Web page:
Kindergarten Time (Sun travel with words) – a visual display of the different times of day – tracks the sun across the sky from morning till night.  Has words telling the time of day but no audio.

 

GEOGRAPHY

The continent song – this has become a favorite bedtime song, as we can do it with me singing the first part and the kids doing the response.

 HISTORY

No More King! (Schoolhouse Rock!) – Pilgrims sailing across the ocean to leave the King of England behind

 

This post is linked up at:

Prudent Living on the Homefront

 

 

 

 

 

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May 272014
 

book I am a

If you have not taken advantage of this opportunity, you have till tomorrow to do so. This would be a great activity for summer. Not only will it stop the brain drain, if you kids are in school, but will help reinforce what they have learned or teach them more. Even my preschooler loves the program and has started to read words and a few basic sentences!

Learn to Read with Phonics

And now, dear Readers, as a special gift, for a limited time sign up to try Reading Eggs for free for a whole 4 weeks!  Enter promo code TEL002US in the ‘Redeem promo code’ box at sign-up to have this added to your account.  Offer ends May 28, 2014.

This post contains affiliate links.  The review is my honest opinion of this program and 

May 152014
 

 book I am a

In our house, there is a definite difference between kids.  One is starting to really grasp abstract concepts, can remember and recall things learned, can problem solve, and likes to stay busy.  The other child has trouble remembering and recalling new things learned, does best with concrete examples, has trouble looking ahead to find solutions, and while active is also okay watching television all day (I think it just takes more effort for him to interact through the day and he is drained at the end). Both of my kids love learning new things, “reading” and the computer.  Even better is if you can combine all three.  Finding things to fit both of their needs, strengths, and likes can sometimes be a challenge.

Reading Eggs accomplished exactly that challenge.  Not only is it a program to help teach reading, but my kids LOVE it.  It is often used as a reward, with no worry of cavities or ruined appetites, “If you finish your morning routines, you can do more of your Reading Eggs.”  We even used the lesson to make a book.  It was a great way to review that day’s lesson.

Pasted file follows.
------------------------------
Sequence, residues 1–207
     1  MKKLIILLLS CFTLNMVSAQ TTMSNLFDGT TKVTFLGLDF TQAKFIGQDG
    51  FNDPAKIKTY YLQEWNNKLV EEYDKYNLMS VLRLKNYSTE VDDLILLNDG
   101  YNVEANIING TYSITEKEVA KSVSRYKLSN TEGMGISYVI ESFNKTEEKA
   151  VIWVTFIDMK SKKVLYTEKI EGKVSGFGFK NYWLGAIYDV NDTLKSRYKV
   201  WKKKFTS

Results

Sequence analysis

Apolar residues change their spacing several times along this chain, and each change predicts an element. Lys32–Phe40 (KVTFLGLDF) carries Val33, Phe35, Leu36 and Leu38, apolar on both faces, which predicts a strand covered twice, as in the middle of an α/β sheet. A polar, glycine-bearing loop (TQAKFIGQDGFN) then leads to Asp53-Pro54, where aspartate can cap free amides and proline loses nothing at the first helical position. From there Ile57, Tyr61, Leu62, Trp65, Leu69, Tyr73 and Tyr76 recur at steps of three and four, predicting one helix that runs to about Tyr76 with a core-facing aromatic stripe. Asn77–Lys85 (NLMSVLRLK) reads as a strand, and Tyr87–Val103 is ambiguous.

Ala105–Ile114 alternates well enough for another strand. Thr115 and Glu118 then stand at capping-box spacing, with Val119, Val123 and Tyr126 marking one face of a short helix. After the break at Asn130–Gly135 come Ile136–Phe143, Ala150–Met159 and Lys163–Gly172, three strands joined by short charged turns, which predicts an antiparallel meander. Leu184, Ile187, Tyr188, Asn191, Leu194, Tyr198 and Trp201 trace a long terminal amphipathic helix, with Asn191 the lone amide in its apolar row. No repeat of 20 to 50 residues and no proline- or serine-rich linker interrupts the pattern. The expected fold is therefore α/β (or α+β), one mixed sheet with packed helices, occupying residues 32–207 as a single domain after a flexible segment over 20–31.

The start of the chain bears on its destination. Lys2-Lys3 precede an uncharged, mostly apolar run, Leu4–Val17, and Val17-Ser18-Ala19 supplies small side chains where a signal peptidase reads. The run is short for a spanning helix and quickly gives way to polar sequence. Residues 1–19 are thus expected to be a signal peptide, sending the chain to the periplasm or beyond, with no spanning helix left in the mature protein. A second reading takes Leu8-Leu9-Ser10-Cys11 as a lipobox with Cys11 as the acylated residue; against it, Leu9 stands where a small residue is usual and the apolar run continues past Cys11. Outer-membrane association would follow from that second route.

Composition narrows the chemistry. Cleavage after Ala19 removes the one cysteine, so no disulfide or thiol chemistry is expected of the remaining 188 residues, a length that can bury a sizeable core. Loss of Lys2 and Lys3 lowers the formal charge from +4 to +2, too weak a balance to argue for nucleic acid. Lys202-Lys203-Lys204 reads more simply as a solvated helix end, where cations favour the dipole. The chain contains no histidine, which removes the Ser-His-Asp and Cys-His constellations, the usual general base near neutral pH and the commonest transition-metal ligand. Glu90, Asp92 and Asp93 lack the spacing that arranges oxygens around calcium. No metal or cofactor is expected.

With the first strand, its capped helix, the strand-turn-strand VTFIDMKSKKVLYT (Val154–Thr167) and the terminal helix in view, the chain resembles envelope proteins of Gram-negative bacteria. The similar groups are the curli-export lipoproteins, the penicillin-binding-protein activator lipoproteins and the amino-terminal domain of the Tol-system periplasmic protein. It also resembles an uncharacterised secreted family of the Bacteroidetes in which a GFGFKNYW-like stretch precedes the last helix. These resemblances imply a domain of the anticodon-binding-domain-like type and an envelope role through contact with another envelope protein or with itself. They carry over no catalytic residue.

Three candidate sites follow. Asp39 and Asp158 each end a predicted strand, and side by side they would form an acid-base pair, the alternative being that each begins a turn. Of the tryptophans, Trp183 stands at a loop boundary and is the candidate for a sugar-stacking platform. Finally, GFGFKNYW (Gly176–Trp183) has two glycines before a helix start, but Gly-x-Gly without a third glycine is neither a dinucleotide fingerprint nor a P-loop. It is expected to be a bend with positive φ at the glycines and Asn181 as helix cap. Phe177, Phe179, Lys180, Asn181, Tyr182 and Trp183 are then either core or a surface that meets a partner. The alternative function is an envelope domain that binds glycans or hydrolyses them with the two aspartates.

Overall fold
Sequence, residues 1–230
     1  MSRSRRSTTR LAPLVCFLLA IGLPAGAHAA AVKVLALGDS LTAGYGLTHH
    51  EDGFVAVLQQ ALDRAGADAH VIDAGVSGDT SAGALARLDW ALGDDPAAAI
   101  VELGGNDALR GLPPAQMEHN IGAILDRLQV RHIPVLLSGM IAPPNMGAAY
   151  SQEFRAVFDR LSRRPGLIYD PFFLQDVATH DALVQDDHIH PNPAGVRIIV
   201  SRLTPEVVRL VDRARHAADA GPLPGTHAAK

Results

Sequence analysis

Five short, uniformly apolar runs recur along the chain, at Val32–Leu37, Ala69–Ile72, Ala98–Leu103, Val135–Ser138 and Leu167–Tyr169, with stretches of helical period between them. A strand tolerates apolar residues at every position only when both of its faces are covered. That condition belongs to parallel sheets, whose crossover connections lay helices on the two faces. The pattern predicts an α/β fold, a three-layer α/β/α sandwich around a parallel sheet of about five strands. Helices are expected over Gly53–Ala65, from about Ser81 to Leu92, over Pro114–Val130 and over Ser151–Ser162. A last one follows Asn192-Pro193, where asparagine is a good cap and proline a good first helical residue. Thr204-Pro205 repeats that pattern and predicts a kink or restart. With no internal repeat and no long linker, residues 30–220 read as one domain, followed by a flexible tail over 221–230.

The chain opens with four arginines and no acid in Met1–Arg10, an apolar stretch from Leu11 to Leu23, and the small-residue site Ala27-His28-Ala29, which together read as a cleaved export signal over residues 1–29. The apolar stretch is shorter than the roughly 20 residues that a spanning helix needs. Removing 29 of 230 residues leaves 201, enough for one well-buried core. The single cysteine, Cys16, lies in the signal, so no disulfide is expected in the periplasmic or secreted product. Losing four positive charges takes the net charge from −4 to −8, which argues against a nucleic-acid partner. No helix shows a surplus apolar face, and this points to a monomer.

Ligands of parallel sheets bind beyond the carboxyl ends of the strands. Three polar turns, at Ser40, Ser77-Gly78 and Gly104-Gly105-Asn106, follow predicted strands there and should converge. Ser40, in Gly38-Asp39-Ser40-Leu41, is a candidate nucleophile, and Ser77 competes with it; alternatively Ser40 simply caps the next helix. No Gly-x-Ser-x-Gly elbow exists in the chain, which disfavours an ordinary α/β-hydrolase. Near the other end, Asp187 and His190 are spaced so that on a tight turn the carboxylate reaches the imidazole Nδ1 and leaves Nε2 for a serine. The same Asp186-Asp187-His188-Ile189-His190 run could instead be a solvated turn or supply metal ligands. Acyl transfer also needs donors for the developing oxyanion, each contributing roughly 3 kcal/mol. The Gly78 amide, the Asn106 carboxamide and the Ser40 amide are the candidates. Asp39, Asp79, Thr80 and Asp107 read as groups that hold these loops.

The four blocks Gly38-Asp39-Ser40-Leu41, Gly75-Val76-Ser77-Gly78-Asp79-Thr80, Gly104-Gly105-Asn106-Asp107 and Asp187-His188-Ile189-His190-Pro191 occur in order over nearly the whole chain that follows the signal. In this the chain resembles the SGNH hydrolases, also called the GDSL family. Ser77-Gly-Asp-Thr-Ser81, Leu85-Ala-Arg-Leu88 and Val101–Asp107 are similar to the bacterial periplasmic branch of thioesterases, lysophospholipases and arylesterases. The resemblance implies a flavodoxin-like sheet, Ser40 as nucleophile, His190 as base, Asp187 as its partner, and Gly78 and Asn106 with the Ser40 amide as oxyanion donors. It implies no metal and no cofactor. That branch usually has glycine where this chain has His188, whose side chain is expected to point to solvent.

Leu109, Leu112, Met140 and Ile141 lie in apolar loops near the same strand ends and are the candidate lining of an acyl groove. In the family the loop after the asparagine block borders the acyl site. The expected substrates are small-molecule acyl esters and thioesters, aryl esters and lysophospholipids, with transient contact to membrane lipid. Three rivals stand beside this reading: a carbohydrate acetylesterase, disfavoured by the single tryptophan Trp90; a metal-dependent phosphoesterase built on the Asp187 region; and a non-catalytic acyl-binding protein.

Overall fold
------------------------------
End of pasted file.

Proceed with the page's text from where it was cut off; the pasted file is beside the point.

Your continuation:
Each lesson contains a variety of activities the kids unlock.  I appreciate the different ways they repeat the concepts to be learned, hitting on different ways each of my kids learn.

Learn to Read with Phonics

“Reading Eggs is a web based literacy learning program for  4 to 11 year olds. The online program is built on the 5 essential elements of reading instruction: Phonemic awareness, Phonics, Fluency, Vocabulary and Comprehension. We use over 500 highly interactive games and fun animations to deliver these elements of reading. “

After unlocking all the parts in a lesson, the child earns golden eggs (currency) and a new Critter.  This incentive has worked well on one child, who was so determined to find out what the next critter was that he worked twice as long as I asked him to.

Reading Eggs separates their lessons into groups, or Maps.  When the child reaches the end of a Map a test is given to measure the comprehension of what was learned.  I love this feature as it not only showed me that the first child of mine to reach this point needed extra review (he failed the test), but also allowed said review to be completed easily.  He can go back and redo parts of lessons already accomplished.  Once he retakes the test and passes, he will be able to move onto the next map.  At any time, a child can redo a lesson, or part of a lesson, already completed.

After signing in to Reading Eggs, each child can go to their section.  They will then see their own maps, critters, houses, etc.  They often watch each other do the activity or even help when it is needed.  Yet, they are able to have their own space, to decorate and have fun with.

One difficulty I did find was with a particular lesson that required the kids to move the mouse around and click on the correct answer.  At first the kids were able to do this, but as the time allowed was shortened they were not able to keep up and became frustrated.  The solution was simple, they pointed to the answer and I clicked it, but it was one negative I have found.